Album Review: Christopher Owens - Chrissybaby Forever

Christopher Owens - Chrissybaby Forever

An incredibly poignant return to form.


A single chord can say a lot. That jangly warped one at the start of ‘Lust for Life’ – possibly one of the most perfect indie anthems of the last decade – signalled the start of Album; an LP glossed with lo-as-the-depths-of-hell-fi garage stompers (‘Big Bad Mean Mother Fucker’), woozy anthems (‘Hellhole Ratrace’) and tasty slices of 60s-fuelled pop (‘Darling’). It was through this and the slightly more polished Father, Son, Holy Ghost that San-Fran duo Girls built-up a close-knit following of fans. And that’s precisely what made Owens’ departure from the band so bloody painful. They’d only released a handful of songs - beautiful, hazy ones at that - that had the childish qualities of the Modern Lovers and guitar tones more vintage than an OAP in Rokit.

After Girls there came a debut solo album from Owens. ‘Lysandre’ had some beautiful moments, but it felt like the Girls charm had disappeared; it was all acoustic and had a sense of samey-ness that had never plagued his music before. Owens’ next effort ‘A New Testament’ was certainly barrels of fun, with more bluesy twinges being shoehorned into the mix; and, excitingly it felt a little bit closer to re-discovering the previous appeal that Chet Jr. and Owens had masterminded.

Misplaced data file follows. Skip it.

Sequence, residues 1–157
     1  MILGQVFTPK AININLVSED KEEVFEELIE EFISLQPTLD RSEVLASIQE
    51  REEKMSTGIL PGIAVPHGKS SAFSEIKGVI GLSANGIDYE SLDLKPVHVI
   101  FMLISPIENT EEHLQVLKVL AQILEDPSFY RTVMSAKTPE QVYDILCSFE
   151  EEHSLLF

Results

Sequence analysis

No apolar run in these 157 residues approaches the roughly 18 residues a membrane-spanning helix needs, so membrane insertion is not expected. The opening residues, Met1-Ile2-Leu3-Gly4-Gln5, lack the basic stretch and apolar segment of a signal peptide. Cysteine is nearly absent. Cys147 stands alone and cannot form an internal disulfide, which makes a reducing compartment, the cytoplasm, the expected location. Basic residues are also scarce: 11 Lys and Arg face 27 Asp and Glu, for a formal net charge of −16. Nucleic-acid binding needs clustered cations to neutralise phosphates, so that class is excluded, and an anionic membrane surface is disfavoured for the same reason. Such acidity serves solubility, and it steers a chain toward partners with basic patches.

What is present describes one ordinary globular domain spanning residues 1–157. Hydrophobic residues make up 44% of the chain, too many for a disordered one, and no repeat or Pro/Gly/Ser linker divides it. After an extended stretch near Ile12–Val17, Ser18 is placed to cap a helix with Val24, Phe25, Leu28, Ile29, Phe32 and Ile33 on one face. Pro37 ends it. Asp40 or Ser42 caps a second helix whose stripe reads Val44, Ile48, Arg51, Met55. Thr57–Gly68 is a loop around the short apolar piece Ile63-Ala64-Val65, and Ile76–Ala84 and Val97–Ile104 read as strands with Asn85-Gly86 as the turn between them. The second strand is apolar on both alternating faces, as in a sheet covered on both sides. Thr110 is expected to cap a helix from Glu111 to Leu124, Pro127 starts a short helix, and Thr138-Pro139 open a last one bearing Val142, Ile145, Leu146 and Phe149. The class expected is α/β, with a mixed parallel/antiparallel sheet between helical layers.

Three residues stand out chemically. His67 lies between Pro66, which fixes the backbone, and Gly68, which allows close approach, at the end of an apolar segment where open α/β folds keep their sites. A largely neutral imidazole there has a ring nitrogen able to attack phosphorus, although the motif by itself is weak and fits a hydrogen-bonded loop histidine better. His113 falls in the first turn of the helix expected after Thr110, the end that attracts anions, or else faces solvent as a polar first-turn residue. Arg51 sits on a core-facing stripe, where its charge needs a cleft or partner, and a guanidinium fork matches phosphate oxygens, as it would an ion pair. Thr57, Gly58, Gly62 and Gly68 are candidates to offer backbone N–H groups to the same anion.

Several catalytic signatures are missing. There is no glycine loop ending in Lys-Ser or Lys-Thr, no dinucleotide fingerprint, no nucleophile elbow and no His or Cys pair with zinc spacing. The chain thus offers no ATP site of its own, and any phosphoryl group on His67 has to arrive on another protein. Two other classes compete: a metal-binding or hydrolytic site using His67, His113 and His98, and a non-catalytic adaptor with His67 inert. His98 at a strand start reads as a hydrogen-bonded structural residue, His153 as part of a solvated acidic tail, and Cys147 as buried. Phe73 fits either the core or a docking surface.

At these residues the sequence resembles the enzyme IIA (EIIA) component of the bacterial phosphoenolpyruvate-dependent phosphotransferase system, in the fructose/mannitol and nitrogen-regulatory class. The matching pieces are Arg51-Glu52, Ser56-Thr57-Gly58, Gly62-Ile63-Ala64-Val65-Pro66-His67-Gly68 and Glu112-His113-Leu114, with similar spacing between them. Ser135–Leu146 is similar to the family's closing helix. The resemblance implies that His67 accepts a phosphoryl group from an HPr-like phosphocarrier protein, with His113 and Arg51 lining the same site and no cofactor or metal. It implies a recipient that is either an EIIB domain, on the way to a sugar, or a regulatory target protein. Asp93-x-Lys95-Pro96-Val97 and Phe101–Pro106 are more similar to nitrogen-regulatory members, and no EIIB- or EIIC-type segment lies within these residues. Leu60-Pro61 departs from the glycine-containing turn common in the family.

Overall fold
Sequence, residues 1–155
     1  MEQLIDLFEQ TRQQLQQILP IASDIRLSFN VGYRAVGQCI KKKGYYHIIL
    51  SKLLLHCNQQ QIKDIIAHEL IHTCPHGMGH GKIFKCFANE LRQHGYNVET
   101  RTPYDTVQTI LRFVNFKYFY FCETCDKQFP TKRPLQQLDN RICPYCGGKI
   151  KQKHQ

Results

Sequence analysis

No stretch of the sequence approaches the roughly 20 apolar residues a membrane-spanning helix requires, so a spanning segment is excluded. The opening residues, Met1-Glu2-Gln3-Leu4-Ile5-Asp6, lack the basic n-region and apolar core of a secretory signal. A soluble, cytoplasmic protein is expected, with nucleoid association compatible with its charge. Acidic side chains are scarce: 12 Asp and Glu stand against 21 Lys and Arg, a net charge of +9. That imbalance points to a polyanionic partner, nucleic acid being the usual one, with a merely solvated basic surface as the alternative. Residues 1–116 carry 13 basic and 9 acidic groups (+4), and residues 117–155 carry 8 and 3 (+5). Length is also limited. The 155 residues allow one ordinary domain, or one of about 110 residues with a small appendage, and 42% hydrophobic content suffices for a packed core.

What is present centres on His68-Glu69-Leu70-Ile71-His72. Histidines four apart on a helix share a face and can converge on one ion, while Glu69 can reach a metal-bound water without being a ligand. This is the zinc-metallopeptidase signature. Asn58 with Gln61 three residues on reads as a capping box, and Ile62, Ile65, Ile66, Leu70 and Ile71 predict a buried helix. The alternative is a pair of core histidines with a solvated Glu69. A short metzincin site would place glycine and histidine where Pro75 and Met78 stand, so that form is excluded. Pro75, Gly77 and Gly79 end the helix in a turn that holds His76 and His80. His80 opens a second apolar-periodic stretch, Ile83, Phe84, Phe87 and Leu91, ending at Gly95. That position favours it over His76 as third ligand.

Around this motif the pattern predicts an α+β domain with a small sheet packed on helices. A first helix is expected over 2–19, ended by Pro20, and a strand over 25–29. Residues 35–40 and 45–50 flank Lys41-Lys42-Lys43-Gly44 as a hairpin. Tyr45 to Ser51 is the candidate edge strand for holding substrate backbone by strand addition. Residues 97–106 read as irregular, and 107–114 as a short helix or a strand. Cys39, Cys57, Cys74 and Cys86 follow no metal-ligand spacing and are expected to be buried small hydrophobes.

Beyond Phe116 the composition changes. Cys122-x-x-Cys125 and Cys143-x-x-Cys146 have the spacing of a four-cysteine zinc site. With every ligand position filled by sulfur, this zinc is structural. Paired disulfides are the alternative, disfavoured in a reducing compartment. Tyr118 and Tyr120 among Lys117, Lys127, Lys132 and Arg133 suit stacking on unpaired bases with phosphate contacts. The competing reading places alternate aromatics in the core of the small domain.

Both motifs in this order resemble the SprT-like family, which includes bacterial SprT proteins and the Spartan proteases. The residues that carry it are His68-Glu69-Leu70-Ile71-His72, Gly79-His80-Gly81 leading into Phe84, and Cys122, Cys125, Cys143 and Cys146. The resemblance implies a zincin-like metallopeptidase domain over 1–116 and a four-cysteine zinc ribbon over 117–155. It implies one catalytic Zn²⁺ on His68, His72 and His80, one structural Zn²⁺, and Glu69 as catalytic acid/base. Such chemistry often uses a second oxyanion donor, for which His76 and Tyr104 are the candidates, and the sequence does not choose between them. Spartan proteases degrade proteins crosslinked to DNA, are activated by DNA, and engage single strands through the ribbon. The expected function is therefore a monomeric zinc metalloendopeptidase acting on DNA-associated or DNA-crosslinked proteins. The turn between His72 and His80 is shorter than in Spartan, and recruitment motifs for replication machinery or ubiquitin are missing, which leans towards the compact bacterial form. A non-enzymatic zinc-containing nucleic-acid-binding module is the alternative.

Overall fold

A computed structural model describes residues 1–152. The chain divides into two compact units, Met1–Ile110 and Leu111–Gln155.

Chrissybaby Forever by Christopher Owens

And now – just a year later – and we’ve been treated with another new release. Everything looked great from the outset – ‘Chrissybaby Forever’ is one of the sassiest and smile-inducing album titles imaginable, the cover was photographed by indie icon Hannah Hunt and only one engineer was involved in the mixing. After an actual listen? My God – it’s almost like hearing Girls again. ‘Heroine (Got Nothing On You)’ recalls the finger-clicking brand of doo-wop and surf guitar that made Girls fab, while ‘Waste Away’ re-discovers the vintage tone of the band with enough reverb to take out a small herd of cows.

There’s a real sense of optimism and summer to the record as well – ‘Out of Bed’ oozes with sunny charm with its tape-recording and birdsong samples – while the stingy running time of ‘Lysandre’ has been usurped for a gorgeously generous trove of sixteen tracks. The greatest track though is the opener, ‘Another Loser Fuck Up’, an incredibly poignant return to form that opens with a déjà-vu punch of a single chord, almost exactly in the same fashion as ‘Lust for Life’. Considering this time it opens an album that has seen a re-discovering of what made Owens’ music so great in the first place perhaps – just maybe – this chord has somehow managed to say even more.